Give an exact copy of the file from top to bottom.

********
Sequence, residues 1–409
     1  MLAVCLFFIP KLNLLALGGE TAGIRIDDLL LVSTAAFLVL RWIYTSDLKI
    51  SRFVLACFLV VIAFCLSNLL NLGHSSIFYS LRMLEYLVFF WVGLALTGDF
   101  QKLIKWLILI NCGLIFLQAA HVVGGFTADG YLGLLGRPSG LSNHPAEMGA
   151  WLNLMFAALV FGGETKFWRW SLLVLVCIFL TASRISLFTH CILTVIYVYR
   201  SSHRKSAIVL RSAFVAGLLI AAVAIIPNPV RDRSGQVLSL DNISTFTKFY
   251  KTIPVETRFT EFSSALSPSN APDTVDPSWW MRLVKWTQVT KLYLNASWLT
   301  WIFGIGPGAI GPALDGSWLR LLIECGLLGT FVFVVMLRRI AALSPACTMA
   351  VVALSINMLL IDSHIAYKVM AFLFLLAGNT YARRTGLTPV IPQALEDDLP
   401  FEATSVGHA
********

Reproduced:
Sequence, residues 1–409
     1  MLAVCLFFIP KLNLLALGGE TAGIRIDDLL LVSTAAFLVL RWIYTSDLKI
    51  SRFVLACFLV VIAFCLSNLL NLGHSSIFYS LRMLEYLVFF WVGLALTGDF
   101  QKLIKWLILI NCGLIFLQAA HVVGGFTADG YLGLLGRPSG LSNHPAEMGA
   151  WLNLMFAALV FGGETKFWRW SLLVLVCIFL TASRISLFTH CILTVIYVYR
   201  SSHRKSAIVL RSAFVAGLLI AAVAIIPNPV RDRSGQVLSL DNISTFTKFY
   251  KTIPVETRFT EFSSALSPSN APDTVDPSWW MRLVKWTQVT KLYLNASWLT
   301  WIFGIGPGAI GPALDGSWLR LLIECGLLGT FVFVVMLRRI AALSPACTMA
   351  VVALSINMLL IDSHIAYKVM AFLFLLAGNT YARRTGLTPV IPQALEDDLP
   401  FEATSVGHA